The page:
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Grokking SVG

I was researching on generating charts for web pages. Given the great experience in building HTML application, I would like something similarly light weight and text based without the overhead of a binary library like libpng.

Once I started looking, the answer is obvious. It is Scalable Vector Graphics (SVG)! Paul Prescod gave his optimistic view and in his article SVG: A Sure Bet on why SVG would sweep the hodgepodge of proprietary graphics formats in existence. The wikipedia's entry on SVG has a good background and a rundown on many things SVG. My Opera browser supports SVG natively and so is Firefox 1.5. There is free open source editor like InkScape available. Hard to believe it is not used by everyone already! (Insert your favorite IE bash here).

Anyway this really opens a new front for me. I'm excited for the possibility to enhance data presentation with graphics.

2006.02.19 [, ] - comments

 

Mobile User Interface

I have recently commented that a bar code scanning phone can be a great user interface to click an offline hyperlink. Given mobile phones' ubiquity, many people see it as the new computation device that might even supplant personal computer. But an open issue remains, how can we input and output efficiently on such small device? The tiny display and the digit keypad still leave much to be desired. Below is several ideas I have come across over the years.

Voice Interface

Rather than using a keyboard, just talk to your phone and have it talk back! Having worked on interactive voice response systems and speech recognition technology like VoiceXML myself, we know that users hate voice menu. Speech recognition suppose to improve its usability. But is it good enough?

Rapid Serial Visual Presentation

Would you like to read an article with a cellphone? How about a book? If you think this is too much to fit in a tiny display you may be interested in a technique called Rapid Serial Visual Presentation. The words are flashed rapidly on the screen one at a time. It best to see it in action in this video demo from BuddyBuzz. For the impatient, the real action starts around 2:50 into the video.

Offline Hyperlink

This is the idea I have drawn out in the Searchblog's comment. An URL is encoded as bar code. It can be printed and displayed in any location. One can point a cellphone equipped with a bar code scanner to it and have the web page fetched on the phone. The entire experience should be intuitive and seamless. Another commenter has pointed out that a similar technology caller paperclick is already available form NeoMedia, possibly by the way of pattern recognition of images taken from a camera phone.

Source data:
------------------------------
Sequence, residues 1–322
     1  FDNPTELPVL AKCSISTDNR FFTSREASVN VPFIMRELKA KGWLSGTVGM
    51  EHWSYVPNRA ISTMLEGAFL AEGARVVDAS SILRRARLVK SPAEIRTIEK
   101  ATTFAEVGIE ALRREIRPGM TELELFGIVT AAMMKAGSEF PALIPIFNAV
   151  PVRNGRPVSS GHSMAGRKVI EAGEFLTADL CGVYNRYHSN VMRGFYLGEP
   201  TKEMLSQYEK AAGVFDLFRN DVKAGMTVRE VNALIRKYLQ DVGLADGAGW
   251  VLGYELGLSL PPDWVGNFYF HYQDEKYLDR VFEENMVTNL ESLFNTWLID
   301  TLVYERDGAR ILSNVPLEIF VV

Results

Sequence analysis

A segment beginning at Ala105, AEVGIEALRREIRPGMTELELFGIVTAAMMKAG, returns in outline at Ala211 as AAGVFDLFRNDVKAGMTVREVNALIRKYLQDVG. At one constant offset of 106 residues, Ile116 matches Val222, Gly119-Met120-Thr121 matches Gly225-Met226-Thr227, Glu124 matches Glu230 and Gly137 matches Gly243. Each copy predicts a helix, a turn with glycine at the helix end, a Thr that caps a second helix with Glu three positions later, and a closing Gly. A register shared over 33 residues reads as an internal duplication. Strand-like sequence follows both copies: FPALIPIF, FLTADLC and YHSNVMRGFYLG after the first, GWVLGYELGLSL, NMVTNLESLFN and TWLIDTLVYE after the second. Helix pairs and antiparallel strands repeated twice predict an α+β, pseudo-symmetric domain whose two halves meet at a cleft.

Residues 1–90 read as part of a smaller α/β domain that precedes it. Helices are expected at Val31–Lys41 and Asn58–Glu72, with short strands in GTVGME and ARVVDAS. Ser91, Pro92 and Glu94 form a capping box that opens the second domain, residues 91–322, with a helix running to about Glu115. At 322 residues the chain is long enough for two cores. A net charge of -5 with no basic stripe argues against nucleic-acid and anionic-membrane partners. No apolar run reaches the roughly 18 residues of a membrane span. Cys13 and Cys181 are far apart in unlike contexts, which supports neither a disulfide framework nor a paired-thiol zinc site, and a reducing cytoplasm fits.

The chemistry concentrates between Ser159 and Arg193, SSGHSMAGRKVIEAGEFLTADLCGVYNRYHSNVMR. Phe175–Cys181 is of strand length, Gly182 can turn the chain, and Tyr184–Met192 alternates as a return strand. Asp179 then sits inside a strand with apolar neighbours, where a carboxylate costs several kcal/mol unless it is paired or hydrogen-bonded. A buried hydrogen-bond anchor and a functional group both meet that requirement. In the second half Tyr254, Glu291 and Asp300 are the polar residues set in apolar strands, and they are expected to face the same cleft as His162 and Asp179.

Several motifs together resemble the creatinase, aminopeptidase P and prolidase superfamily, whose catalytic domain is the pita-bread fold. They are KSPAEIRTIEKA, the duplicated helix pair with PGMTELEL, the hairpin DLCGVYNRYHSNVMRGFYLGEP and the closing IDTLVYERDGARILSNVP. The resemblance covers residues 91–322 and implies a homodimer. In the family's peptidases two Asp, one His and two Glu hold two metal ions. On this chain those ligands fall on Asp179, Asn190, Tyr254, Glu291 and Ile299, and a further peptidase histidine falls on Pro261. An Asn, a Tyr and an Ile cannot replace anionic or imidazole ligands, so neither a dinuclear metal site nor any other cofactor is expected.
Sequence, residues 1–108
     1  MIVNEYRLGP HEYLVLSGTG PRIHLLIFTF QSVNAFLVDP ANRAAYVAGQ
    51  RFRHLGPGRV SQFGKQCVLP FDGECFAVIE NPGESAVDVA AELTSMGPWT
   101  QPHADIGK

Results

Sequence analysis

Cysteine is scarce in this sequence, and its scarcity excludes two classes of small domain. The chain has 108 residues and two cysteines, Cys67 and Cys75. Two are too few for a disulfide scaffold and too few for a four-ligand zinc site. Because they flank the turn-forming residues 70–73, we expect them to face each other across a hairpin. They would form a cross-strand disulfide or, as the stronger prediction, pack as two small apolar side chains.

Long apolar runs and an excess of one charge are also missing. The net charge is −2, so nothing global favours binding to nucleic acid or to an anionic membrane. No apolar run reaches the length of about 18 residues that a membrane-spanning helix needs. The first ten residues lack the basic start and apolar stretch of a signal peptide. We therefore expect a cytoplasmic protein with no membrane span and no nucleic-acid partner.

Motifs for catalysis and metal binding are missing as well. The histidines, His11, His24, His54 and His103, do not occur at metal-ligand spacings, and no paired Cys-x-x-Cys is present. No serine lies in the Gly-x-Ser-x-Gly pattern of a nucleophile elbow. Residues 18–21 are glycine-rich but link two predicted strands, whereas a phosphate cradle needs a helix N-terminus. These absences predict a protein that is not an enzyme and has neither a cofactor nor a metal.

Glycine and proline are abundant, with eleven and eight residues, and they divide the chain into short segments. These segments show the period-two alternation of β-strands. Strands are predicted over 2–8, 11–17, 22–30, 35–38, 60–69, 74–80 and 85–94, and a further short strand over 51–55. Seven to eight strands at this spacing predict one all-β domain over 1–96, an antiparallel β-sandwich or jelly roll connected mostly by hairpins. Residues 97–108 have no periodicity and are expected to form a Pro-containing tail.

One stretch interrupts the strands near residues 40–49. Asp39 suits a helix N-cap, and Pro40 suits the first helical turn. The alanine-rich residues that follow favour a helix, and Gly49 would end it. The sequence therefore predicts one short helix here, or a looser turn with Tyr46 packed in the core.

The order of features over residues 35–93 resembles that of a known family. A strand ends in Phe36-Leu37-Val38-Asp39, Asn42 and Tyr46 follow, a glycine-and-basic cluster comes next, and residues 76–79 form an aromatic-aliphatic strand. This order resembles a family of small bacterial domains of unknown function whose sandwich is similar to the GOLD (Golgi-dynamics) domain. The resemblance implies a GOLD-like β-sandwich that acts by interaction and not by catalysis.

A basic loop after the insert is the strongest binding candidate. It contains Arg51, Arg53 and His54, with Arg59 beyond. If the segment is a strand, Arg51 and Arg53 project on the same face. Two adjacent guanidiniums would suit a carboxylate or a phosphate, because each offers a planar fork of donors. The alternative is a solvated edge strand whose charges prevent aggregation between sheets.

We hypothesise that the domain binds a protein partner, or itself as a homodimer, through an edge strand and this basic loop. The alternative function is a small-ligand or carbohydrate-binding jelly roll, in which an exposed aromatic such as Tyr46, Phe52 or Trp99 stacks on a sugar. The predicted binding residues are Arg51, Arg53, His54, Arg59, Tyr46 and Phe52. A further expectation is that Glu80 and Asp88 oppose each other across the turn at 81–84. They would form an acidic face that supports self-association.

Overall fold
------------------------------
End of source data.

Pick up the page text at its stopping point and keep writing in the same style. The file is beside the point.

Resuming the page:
Miniature Laser Projectors

R2-D2 has one. A projector would be great for showing details not possible on a small display. This Miniature Laser Projectors from Light Blue Optics is touted to be made for cell phones and PDAs. At 3.78 cubic inches with power consumption of 1.4W it certainly has a lot of potential, if not ready for the smallest of smallest cellphone yet.

E Ink

Flexible paper thin roll up display like this one from Philips or these from E.INK? It would be really cool to use your cellphone to connect to Google map and have it displayed on a sheet the size of a map!

2006.02.18 [, ] - comments

 

My take on the Ajax fad

My reaction on the fad of Ajax is posted in a comment to an O'Reilly article Is AJAX Here to Stay?


When people boast with the term 'ajax framework' I sneer. There is no framework in software development sense, no library, no API, no references. Ajax is primary a web applications look and feel. Part of it is a technique to overcome the page by page look and feel of regular web applications. Another part is a lot of client side coding to update the screen and simulate desktop widgets.

Before 'ajax' is coined, we have another term to describe these client side coding - DHTML, a collection of tools make up of HTML, javascript, dom, event, css, etc. As any DHTML partitioner can tell you, it is lots of hard work, trials and error, and hair pulling to get these trickery done. Ajax suggests we do this in a massive scale. Adding cross browser, cross platform support into the equation and you'll find it is not really for the faint of heart.

Now we have some very smart people pushing the envelope of existing primitives and built some very cool applications. Everybody else is trying to follow suit. What we really need is a higher level web application and widget framework to make this sustainable.

Two developments come into my radar screen. Both are browser independent. XForm poise to be the next generation of web forms and it could form the basis of richer user interface. The OpenLaszlo platform allows developers to create applications with the rich user interface. Although it currently requires Flash as the runtime engine.

As much as I like to see a rich user interface, it is also important to keep in the balance with simplicity. I'm rather weary of sending thousands of lines of javascript to be executed on client. It is not the efficiency as suggested in the article that concerns me. It is the complexity of those code that makes me feel uncomfortable.

2005.10.09 [] - comments

 

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